And Metal Machine Music, Tim….. well, firstly of course, RIP Lou. How beautiful that you were thinking of him here just a week before his passing. I actually wrote about MMM in a very different way a long time back. You’ll find a link to a version of it here in a paper called “A Whisper or a Scream” https://uq.academia.edu/GregHainge/Papers I’d probably say something very different about it today. I’d say, indeed, that it is very noisy, not only because of the “common sense” noisiness of it, ie it’s just feedback, but that it also, as you point out Tim, talks to us about so many different aspects of the music industry, of how music comes to be within a commercial, technological context. So it’s noisy not only in that most literal sense, but also because of the ways in which, like Merzbow, it is just about sound and technology and how those things come together to make this thing we call music, without any transcendent sense of necessary perfection that comes from a perfect melody that seems often to limit music to certain kinds of tonal forms, but it’s also noisy because of the ways in which it really foregrounds so many things about the ways in which music is presented, packaged, sold, marketed, etc. The iconography on the cover, the way the vinyl lps end in a locked groove, so much about it seems to want to make us stop and think about the ways that music comes to be, how it comes to be in our possession through fetishistic relations and capitalistic machinations, and then how that is converted into sound through a specific kind of technological configuration… Fascinating stuff…. Like so much fascinating stuff though, it’s not for everyone; some people prefer to be able to sublimate everything and not to be disturbed by the noise. Personally though it’s one of my faves.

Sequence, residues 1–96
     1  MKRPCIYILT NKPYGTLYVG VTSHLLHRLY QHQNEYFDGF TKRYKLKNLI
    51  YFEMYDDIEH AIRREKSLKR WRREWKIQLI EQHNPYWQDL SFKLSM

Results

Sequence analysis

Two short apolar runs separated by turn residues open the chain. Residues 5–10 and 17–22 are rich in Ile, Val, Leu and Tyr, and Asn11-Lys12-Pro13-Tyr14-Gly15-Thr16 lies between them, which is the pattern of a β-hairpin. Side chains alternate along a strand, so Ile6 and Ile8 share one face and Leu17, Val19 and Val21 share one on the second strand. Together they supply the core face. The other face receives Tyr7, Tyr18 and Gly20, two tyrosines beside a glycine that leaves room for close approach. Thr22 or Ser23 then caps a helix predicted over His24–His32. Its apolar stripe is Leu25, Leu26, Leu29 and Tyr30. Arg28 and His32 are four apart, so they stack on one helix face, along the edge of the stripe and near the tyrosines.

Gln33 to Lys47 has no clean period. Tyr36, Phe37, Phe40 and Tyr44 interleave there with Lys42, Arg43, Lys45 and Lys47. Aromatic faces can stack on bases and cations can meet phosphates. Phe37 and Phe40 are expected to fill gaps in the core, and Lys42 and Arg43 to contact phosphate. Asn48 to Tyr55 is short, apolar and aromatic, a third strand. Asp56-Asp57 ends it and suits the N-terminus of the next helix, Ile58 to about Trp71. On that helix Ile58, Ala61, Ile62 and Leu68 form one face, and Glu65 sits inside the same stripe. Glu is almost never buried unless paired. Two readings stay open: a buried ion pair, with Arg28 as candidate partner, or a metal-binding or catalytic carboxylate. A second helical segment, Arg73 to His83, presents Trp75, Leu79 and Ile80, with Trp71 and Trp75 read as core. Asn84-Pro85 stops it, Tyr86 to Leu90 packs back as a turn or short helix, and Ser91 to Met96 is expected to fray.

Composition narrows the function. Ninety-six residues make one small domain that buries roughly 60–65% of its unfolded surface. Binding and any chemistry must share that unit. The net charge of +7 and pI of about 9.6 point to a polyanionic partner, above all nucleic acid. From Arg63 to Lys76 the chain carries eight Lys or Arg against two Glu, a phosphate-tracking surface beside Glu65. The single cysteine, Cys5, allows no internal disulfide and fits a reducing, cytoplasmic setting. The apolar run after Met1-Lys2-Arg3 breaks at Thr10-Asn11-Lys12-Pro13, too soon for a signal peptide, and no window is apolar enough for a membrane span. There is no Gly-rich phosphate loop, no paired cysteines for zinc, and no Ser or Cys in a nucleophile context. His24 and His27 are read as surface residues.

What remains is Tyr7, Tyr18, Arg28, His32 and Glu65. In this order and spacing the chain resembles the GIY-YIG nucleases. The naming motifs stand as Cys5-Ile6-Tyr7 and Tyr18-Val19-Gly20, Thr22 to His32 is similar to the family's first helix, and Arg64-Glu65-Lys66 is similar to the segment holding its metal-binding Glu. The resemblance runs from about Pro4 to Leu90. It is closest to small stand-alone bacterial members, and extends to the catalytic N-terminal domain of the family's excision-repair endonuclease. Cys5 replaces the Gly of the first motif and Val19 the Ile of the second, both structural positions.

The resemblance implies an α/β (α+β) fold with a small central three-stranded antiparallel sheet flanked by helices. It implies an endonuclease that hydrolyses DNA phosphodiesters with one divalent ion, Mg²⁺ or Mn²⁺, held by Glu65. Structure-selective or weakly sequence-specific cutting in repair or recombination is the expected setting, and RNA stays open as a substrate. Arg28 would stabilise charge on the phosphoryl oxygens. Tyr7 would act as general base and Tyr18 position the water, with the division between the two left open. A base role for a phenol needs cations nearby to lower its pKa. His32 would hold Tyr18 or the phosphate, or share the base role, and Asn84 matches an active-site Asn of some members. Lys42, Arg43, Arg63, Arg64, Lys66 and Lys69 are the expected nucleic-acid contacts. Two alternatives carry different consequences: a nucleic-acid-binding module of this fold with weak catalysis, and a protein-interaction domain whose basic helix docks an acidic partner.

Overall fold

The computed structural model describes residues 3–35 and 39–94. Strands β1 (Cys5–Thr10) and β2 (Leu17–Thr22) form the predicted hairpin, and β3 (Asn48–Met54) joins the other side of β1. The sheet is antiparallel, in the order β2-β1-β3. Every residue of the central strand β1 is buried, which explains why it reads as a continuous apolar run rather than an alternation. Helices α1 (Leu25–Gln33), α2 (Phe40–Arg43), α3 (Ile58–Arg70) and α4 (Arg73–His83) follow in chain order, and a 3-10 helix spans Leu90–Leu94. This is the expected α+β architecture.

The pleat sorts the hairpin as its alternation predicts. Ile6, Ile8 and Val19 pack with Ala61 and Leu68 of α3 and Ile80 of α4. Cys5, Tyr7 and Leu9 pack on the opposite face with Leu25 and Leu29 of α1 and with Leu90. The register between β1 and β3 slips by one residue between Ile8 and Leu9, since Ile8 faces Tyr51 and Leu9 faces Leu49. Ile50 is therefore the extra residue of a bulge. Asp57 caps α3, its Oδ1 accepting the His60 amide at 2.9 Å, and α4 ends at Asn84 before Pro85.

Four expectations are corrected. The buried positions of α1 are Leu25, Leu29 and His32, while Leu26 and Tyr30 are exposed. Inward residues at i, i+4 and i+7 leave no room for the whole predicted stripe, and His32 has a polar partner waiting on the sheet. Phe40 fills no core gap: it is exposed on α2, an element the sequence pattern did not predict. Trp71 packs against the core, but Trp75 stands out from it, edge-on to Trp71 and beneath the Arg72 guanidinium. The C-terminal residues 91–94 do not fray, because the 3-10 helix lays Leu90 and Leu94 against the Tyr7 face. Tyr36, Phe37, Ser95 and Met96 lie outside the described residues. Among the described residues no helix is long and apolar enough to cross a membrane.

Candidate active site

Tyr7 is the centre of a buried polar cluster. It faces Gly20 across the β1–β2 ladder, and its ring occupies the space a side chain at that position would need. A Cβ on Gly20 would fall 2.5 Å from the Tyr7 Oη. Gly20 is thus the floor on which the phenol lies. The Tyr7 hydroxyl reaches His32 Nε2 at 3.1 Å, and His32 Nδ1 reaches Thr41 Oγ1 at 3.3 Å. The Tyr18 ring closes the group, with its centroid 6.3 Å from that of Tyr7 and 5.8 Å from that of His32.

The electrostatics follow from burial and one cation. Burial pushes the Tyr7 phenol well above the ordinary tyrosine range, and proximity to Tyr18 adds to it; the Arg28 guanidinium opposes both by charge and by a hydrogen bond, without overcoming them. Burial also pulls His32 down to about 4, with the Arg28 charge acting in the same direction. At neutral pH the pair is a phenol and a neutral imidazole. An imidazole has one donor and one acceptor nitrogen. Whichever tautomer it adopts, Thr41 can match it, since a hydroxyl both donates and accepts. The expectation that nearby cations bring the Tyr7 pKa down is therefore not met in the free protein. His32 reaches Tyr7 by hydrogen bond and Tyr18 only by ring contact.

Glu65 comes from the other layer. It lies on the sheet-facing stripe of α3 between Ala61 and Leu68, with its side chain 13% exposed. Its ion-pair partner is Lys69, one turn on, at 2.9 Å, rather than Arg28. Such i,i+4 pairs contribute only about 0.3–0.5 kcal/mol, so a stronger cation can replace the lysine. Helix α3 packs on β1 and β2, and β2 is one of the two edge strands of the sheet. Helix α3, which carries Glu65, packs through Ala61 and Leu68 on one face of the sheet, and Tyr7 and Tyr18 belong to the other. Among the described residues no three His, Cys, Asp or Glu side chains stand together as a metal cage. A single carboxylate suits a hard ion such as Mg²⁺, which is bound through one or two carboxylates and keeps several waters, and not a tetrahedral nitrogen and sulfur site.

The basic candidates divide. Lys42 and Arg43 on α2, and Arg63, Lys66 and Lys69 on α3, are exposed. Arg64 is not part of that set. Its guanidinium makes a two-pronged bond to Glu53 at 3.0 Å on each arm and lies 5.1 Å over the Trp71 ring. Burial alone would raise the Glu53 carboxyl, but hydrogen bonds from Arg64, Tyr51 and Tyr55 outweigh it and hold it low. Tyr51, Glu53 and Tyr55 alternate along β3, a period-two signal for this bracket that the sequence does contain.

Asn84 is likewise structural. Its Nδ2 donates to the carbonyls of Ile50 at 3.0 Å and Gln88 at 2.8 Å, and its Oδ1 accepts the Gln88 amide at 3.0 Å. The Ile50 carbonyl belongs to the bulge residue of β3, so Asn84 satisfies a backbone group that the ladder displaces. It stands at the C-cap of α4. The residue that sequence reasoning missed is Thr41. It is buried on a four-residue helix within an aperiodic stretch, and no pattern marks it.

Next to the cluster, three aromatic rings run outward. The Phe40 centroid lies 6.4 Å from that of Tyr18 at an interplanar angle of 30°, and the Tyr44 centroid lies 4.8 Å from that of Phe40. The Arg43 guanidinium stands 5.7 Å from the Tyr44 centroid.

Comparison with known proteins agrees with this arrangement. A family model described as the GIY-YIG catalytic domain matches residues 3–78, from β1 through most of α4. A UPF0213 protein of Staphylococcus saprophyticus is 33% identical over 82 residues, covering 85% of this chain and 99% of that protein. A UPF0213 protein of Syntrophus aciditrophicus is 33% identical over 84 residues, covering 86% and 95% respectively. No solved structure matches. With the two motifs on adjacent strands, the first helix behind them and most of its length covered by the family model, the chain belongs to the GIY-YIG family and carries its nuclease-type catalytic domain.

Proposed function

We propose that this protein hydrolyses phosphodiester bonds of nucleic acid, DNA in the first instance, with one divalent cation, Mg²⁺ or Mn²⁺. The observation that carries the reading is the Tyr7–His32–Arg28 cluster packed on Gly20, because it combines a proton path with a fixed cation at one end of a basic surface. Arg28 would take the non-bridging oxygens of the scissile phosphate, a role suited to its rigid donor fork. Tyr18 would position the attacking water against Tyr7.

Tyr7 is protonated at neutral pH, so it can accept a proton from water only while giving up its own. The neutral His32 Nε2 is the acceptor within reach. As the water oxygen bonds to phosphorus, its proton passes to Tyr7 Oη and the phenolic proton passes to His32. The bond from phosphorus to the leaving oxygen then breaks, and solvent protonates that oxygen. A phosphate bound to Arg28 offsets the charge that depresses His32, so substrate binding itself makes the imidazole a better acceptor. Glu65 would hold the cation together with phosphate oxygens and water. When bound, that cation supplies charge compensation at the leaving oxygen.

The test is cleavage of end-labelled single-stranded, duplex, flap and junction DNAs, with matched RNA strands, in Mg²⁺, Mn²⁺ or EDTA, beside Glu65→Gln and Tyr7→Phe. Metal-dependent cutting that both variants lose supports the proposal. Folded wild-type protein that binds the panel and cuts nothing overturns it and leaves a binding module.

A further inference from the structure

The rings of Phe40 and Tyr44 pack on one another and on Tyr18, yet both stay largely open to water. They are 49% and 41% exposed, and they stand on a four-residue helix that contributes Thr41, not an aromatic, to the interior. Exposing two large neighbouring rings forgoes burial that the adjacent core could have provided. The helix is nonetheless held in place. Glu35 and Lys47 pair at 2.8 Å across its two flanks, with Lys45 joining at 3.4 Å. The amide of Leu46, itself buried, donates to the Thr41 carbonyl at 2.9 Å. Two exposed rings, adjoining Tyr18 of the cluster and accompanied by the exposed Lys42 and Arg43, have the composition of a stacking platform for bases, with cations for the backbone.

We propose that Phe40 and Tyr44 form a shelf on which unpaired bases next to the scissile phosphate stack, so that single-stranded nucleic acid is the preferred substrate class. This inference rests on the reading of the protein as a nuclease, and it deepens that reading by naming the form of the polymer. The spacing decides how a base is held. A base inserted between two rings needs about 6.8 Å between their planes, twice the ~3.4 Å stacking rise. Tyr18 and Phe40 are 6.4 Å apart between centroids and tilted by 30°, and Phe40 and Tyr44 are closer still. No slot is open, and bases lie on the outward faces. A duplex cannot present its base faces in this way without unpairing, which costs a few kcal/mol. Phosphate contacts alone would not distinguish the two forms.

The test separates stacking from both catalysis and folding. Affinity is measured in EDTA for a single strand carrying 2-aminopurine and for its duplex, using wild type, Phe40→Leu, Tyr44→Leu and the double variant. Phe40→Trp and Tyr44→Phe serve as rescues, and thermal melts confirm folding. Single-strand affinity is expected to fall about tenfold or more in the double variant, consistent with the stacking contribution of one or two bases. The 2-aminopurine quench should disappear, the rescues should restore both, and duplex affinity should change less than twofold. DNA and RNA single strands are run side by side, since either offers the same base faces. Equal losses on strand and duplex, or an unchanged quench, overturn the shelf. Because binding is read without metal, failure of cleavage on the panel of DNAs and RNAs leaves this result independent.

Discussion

Thanks all for joining the conversation here.